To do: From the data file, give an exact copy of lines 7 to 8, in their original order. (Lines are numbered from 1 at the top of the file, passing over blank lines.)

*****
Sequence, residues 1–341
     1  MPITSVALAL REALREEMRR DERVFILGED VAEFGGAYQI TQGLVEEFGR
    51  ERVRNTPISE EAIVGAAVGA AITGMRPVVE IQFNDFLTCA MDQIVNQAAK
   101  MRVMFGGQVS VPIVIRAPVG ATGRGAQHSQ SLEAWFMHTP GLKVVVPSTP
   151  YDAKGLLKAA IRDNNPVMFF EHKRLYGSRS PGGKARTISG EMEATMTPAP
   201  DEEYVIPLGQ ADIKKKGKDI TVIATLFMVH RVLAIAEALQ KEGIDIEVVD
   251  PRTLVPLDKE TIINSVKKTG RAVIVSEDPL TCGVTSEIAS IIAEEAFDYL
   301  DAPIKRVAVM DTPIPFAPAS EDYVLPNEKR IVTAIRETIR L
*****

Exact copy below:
   251  PRTLVPLDKE TIINSVKKTG RAVIVSEDPL TCGVTSEIAS IIAEEAFDYL
   301  DAPIKRVAVM DTPIPFAPAS EDYVLPNEKR IVTAIRETIR L